Mannington and the Australians stood on the bridge of the Bentano and watched the operation using binoculars. The Australian officers were impressed with the speed and precise orchestration of the operation.
“Your chaps sure have that down pat,” said Hastings.
“They have a lot of experience at this,” replied Mannington.
“Aren’t they concerned about radiation poisoning? We found some fairly high readings around that craft and that is why we pulled our CDT off the scene.”
“They know the risks; they’ve trained for this many times,” replied Mannington grimly. “Besides, they were given precautionary doses of iodine before boarding your vessel yesterday. Anything they get should pass through their systems quickly.”
As Thorson and his team floated the Benthic Ranger into deep water, the Navajo moved in closer to the action. Eventually, a line was carried to the Navajo and using that line, a tow rope was feed out to the Benthic Ranger. Once the shackle was secured, the dive team’s work was done and they motored over to one of the destroyers.
As soon as Thorson’s team was on-board the destroyers, they underwent an elaborate decontamination procedure, surrounded by technicians in white haz-mat gear. All of which was clearly evident to RAN officers peering through binoculars.
Once Mannington noted that the Navajo had taken the Benthic Ranger in tow, he bade farewell to his Australian host.
“Commander Hastings, please accept my personal and my government’s appreciation for assisting us in the recovery of this research vessel. Now that my dive team has finished their work, I will join them on the destroyer for the journey to Guam. With your leave, I would like to have my men gather the dive team’s belongings and join me on the launch.”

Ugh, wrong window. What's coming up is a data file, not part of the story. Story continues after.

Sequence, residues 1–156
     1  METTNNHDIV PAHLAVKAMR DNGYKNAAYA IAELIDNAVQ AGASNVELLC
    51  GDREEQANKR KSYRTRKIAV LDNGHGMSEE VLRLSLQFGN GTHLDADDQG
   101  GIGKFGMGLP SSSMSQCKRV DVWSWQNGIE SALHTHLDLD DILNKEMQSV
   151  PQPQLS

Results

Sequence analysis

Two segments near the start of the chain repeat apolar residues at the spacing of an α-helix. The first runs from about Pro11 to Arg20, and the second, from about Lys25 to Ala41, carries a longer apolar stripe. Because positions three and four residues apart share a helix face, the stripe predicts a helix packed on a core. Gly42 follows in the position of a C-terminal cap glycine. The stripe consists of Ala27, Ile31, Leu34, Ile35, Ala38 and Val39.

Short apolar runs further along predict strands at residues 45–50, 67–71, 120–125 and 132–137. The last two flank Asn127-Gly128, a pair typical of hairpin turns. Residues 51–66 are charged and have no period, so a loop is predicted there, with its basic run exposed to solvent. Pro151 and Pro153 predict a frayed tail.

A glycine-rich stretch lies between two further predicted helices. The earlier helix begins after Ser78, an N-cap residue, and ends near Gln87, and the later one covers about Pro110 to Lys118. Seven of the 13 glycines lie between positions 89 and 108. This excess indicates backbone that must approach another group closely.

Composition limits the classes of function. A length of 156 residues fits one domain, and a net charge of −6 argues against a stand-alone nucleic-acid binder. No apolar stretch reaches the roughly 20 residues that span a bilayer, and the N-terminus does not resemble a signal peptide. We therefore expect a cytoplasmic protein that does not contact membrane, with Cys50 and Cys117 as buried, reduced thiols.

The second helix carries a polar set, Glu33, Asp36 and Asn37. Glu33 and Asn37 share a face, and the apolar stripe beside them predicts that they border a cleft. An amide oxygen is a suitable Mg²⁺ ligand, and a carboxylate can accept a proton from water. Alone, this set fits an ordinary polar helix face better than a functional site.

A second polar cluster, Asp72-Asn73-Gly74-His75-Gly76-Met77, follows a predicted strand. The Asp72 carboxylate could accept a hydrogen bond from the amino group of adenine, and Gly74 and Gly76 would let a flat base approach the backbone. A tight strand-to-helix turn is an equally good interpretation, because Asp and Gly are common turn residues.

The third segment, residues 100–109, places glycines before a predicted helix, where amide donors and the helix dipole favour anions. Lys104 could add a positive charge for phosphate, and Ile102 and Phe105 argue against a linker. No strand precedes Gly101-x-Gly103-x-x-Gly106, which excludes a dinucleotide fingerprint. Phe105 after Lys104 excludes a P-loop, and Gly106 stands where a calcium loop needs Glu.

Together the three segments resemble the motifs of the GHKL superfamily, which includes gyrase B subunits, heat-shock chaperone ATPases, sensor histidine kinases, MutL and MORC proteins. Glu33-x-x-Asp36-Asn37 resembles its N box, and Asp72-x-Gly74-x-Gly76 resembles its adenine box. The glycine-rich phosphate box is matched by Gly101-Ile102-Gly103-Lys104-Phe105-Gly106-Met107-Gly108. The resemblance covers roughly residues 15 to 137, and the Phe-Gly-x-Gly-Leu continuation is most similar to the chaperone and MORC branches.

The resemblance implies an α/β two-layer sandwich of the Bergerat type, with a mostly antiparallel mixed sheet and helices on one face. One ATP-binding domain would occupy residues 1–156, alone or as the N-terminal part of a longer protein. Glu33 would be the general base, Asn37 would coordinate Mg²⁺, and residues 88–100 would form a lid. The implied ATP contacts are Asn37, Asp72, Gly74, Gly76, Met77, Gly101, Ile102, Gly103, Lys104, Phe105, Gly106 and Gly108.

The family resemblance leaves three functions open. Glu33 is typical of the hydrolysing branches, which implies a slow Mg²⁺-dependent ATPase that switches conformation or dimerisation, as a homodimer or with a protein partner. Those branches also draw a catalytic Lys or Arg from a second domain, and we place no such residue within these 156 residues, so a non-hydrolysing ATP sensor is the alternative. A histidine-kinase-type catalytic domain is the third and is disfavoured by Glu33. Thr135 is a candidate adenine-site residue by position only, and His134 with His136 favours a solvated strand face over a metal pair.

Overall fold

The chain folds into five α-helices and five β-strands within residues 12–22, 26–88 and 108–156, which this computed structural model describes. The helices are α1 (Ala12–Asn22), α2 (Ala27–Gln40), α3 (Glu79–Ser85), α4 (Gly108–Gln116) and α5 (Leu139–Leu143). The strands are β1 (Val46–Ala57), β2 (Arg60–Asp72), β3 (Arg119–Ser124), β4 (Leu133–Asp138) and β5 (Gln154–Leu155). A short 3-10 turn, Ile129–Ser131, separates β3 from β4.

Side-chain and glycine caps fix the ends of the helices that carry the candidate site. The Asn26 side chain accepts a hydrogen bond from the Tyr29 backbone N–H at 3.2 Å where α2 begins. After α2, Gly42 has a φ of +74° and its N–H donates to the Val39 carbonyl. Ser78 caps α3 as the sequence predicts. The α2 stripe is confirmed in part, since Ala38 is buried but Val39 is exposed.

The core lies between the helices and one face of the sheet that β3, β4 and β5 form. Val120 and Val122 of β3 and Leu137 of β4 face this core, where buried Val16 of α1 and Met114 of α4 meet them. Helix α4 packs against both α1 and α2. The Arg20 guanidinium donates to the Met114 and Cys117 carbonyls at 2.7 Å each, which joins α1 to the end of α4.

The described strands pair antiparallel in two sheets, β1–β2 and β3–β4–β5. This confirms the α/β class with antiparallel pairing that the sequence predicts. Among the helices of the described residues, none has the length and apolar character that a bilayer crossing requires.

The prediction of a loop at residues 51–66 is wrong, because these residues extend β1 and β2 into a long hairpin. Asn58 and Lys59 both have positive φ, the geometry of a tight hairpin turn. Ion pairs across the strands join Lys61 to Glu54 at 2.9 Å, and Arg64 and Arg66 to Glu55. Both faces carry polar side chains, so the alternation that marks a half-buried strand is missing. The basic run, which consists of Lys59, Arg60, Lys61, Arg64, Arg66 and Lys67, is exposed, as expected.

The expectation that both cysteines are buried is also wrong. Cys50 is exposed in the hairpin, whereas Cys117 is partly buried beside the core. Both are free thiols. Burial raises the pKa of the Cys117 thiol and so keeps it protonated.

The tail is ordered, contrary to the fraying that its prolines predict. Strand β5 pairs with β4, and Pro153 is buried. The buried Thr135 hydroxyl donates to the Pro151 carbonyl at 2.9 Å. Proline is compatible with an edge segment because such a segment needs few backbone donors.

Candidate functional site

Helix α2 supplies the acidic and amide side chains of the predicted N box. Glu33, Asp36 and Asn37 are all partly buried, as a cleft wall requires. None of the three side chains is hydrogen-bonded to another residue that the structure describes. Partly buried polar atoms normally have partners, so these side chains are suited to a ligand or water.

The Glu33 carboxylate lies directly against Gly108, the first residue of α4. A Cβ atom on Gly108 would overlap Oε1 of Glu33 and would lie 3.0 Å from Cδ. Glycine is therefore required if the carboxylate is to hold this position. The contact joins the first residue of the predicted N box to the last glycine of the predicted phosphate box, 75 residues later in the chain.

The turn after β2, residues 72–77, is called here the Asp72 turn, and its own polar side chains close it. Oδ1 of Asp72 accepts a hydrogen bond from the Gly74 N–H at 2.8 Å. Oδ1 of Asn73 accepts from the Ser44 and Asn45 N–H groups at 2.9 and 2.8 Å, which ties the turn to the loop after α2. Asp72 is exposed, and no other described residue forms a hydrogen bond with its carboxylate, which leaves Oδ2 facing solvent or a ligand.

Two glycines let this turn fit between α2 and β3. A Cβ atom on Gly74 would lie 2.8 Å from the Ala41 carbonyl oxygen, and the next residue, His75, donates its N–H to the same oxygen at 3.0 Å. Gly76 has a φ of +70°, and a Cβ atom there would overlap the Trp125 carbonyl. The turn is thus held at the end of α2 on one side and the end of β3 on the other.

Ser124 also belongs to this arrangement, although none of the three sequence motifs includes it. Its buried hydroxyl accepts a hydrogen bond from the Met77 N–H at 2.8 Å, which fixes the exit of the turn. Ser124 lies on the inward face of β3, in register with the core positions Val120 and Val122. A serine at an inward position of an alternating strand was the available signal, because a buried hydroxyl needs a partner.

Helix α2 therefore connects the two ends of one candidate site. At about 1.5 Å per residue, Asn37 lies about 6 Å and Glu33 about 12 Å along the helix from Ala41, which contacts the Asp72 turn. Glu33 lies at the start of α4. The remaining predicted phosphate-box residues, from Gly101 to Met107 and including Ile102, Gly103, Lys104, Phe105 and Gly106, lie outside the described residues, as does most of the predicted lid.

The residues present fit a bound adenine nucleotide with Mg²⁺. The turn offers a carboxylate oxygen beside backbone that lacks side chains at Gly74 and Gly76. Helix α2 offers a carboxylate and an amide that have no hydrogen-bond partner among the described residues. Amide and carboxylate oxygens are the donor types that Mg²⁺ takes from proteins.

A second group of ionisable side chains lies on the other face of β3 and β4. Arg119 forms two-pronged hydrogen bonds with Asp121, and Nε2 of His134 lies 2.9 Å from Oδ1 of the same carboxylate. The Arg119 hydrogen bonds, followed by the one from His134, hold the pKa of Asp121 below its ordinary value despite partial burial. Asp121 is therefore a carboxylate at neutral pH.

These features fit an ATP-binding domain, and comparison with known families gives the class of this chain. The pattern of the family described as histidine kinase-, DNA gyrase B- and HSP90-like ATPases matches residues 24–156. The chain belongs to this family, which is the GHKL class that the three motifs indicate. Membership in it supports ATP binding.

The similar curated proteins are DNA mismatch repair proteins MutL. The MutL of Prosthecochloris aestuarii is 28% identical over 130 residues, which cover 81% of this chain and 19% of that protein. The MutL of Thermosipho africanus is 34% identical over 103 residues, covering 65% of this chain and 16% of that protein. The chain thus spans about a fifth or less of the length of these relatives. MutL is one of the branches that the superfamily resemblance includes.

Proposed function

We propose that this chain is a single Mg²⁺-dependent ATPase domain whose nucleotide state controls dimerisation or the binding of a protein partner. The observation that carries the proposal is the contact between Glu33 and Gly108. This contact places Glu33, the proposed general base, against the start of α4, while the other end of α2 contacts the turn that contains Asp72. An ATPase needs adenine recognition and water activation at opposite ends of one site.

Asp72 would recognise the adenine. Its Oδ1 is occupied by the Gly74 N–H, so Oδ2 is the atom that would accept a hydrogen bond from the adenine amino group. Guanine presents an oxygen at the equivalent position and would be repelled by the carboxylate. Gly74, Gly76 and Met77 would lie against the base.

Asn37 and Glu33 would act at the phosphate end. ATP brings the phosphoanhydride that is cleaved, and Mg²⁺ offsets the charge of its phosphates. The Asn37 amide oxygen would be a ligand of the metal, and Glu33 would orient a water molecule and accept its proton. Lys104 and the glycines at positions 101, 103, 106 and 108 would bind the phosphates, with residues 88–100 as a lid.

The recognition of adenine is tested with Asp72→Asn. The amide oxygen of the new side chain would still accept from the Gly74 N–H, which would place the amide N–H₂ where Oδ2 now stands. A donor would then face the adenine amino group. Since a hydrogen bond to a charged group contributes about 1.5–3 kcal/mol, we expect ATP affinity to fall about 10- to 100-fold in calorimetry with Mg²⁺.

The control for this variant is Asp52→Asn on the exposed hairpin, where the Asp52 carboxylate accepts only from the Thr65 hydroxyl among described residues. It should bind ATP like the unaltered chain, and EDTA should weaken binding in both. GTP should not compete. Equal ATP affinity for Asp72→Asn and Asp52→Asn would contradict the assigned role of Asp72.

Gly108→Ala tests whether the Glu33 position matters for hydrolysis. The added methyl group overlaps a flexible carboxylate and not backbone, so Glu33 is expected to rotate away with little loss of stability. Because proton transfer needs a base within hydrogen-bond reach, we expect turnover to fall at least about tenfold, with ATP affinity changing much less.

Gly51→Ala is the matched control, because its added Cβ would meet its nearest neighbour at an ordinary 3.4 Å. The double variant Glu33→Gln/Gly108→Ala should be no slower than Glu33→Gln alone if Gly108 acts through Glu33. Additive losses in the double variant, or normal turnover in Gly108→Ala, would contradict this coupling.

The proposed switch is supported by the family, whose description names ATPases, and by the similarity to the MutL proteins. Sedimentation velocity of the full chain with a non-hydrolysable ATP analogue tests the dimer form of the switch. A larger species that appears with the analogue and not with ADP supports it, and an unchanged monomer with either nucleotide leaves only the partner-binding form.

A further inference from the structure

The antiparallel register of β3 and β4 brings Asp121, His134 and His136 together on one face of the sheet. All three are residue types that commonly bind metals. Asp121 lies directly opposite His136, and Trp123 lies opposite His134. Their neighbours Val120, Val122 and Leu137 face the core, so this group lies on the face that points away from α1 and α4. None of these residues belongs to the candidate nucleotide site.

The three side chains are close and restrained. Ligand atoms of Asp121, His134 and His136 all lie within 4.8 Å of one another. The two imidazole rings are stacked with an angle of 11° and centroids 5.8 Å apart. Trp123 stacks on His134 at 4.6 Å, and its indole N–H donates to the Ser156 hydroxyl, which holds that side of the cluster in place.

With that Mannington gave Commander Hastings a smart salute and he retired to the launch that would take him to the American ship.
Hastings watched the American convoy head over the horizon. Without directing his comments to anyone in particular, he said, “Damn Americans, it would have been a lot quicker taking that thing to Darwin.”
The departure of the Navajo with its package in tow was also observed by the various and sundry commercial vessels in the vicinity. In particular, a tuna fishing ship had been trolling the sea off of Kairiru Island. As the Navajo disappeared over the horizon, the tuna fishing vessel also broke free from the other tuna ships in the area and seemingly headed north toward Japan.
“Is that your vessel?” inquired the captain of the tuna vessel to his companion on the deck.
As their equally pale blue eyes met, the other person replied, “Yes.”
Onboard the USNS Navajo, Enroute to Guam —
“Captain, we have a problem.”
“I saw the inclinometer reading.”
“I think that the tow is taking on water.”
“What do the deckhands at the towline see?” Ocean going tugs in the United States Navy are manned by a civilian crew with four naval officers in command.
“It looks like the tow is sinking.”
“Shit,” said Lieutenant Commander Joseph Sinecki as he told the helmsman to hold a steady course and hurried to the stern of the Navajo.
Sinecki was joined by his XO and engineering officer at the towline. Sure enough, the Benthic Rangers was sitting low in the water. After connecting the tow, the external floatation had been taken off following an examination of the vessel’s hull integrity. The external floats would have increased drag on the Navajo and it seemed to be the correct course of action.
Sinecki called the bridge on his intercom, “All stop! Radio Guam; tell them we have a problem.”
Even before Sinecki could finish his instruction, the Benthic Ranger started to rapidly sink, causing the towline to go taut. With the sudden sinking of the Benthic Ranger, the Navajo, itself, was in danger of taking on water.
As the blue-green waters of the South Pacific started washing over the deck of the Navajo, Sinecki gave his order.
“Cut the towline — Now!”
The Japanese tuna fishing boat that had been tracking the tow took note.
Royal Australian Naval Base, Darwin, Australia —
“Sir, we just detected an explosion over the Marianas Trench. Sounds like a vessel sank.”
“Get a cable out to the fleet.”
Onboard the HMAS Betano —
“Captain, you might be interested in seeing this.”
Commander Jeremy Hasting took the cable from his sailor and read it.
“Those bloody, bullheaded Yanks. I told them to take that vessel to Darwin, but they wouldn’t listen.”